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Feature Subset Selection z

Techniques: – Brute-force approch: Try

all possible feature subsets as input to data mining algorithm

– Embedded approaches: Feature selection occurs naturally as part of the data mining algorithm

– Filter approaches:

Features are selected before data mining algorithm is run

– Wrapper approaches: Use the data mining algorithm as a black box to find best subset of attributes

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Feature Creation z

Create new attributes that can capture the i important t t information i f ti in i a data d t sett much h more efficiently than the original attributes

z

Three general methodologies: – Feature Extraction

domain-specific

– Mapping Data to New Space – Feature Construction

combining features

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Mapping Data to a New Space z

Fourier transform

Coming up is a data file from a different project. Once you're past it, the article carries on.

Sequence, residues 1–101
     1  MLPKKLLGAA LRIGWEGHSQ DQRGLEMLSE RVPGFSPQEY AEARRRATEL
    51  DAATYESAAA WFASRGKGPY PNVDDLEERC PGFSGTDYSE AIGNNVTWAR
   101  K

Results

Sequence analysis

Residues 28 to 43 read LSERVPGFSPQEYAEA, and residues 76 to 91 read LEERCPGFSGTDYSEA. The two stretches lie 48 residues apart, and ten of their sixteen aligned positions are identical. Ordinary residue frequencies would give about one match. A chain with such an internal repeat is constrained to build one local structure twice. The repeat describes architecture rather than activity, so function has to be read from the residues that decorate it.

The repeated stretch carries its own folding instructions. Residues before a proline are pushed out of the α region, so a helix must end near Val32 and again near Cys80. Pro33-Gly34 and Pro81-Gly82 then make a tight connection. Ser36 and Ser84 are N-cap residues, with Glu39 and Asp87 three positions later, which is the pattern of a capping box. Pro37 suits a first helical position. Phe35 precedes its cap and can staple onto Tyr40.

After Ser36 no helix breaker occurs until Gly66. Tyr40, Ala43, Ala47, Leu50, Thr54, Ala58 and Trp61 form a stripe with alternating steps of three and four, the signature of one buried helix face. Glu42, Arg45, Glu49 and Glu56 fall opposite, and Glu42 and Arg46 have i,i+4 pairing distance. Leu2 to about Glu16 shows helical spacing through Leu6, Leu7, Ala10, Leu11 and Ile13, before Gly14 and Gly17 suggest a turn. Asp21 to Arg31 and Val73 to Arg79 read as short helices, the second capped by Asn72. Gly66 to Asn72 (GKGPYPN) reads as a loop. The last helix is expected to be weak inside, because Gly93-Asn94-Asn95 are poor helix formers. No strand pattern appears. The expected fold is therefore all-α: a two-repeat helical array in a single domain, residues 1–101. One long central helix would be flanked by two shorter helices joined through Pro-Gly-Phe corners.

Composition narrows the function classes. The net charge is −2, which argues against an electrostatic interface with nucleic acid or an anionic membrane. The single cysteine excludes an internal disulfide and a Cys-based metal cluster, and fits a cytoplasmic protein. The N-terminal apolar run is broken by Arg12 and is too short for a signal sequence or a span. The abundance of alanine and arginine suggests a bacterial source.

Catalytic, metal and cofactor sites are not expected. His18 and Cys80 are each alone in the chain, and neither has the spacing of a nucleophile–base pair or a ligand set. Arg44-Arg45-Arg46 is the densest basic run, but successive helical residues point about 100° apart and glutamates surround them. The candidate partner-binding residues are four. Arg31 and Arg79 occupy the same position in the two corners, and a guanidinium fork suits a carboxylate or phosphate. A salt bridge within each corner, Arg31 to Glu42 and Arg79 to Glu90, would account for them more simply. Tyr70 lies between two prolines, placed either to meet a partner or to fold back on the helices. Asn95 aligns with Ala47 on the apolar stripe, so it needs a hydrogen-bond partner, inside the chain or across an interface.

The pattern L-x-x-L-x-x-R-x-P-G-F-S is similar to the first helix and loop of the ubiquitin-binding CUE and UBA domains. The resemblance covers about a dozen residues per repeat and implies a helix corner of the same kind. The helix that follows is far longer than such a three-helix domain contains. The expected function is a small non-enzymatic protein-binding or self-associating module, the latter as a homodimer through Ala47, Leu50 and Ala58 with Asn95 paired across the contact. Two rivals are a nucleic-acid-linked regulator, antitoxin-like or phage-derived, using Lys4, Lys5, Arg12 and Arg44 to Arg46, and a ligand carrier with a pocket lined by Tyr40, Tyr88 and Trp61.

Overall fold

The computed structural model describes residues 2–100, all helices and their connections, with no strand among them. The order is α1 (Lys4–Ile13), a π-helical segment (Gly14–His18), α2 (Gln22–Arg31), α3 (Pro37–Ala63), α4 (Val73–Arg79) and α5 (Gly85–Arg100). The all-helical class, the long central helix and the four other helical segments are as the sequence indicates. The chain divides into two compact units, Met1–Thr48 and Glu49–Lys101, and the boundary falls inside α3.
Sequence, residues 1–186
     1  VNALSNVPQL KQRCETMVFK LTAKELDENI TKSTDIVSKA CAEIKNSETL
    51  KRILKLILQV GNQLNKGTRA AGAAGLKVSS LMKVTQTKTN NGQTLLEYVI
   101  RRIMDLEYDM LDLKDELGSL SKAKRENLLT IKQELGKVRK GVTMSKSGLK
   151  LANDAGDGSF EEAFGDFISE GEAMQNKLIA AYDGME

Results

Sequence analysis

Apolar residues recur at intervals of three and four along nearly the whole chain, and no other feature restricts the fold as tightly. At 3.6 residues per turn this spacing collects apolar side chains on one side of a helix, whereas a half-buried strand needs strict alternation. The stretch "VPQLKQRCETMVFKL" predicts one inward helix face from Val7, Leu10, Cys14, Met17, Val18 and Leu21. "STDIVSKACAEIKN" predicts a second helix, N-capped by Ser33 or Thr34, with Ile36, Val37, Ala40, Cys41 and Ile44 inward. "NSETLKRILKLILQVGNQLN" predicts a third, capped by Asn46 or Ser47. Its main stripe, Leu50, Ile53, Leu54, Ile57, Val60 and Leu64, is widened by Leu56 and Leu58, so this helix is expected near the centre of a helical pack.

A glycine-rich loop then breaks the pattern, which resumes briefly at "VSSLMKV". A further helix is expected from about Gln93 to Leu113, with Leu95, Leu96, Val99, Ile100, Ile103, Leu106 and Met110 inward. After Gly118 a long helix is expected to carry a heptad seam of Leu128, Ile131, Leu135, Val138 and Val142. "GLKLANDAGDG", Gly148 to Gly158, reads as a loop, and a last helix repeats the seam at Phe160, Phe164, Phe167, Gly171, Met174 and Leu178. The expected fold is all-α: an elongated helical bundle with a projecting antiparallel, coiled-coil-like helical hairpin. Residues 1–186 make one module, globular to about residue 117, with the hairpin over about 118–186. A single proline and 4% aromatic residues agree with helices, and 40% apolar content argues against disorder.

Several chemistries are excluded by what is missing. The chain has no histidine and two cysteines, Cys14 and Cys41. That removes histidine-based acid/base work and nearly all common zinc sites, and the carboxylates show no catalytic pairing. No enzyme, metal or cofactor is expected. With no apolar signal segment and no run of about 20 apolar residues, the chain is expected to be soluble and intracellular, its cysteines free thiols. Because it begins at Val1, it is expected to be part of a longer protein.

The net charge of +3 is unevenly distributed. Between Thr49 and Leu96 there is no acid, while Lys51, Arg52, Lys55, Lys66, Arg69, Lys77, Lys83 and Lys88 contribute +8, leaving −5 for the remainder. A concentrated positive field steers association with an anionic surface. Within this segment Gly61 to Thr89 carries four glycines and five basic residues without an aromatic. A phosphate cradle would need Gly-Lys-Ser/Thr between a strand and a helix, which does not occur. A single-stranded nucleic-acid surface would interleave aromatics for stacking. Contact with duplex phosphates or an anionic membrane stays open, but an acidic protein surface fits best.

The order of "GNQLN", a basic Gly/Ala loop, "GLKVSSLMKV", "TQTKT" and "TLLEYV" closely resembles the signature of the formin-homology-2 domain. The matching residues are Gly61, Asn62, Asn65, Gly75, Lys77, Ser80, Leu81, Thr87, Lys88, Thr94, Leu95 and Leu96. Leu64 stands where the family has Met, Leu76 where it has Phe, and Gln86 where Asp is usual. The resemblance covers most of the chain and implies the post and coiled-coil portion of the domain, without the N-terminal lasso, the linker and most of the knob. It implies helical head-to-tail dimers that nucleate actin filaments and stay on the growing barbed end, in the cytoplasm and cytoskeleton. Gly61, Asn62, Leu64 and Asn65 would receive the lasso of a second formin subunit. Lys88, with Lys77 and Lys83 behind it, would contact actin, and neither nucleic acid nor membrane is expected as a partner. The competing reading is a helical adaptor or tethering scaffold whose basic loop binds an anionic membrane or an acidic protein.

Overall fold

z

Wavelet transform

Two Sine Waves

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Frequency

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Discretization Using Class Labels z

Entropy based approach

3 categories for both x and y

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5 categories for both x and y

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Discretization Without Using Class Labels

Data

Equal interval width

Equal frequency © Tan,Steinbach, Kumar

K-means Introduction to Data Mining

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Attribute Transformation z

A function that maps the entire set of values of a given attribute to a new set of replacement values such that each old value can be identified with one of the new values – Simple functions: xk, log(x), ex, |x| – Standardization and Normalization

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Similarity and Dissimilarity z

Similarity – Numerical measure of how alike two data objects are. – Is higher when objects are more alike. – Often falls in the range [0,1]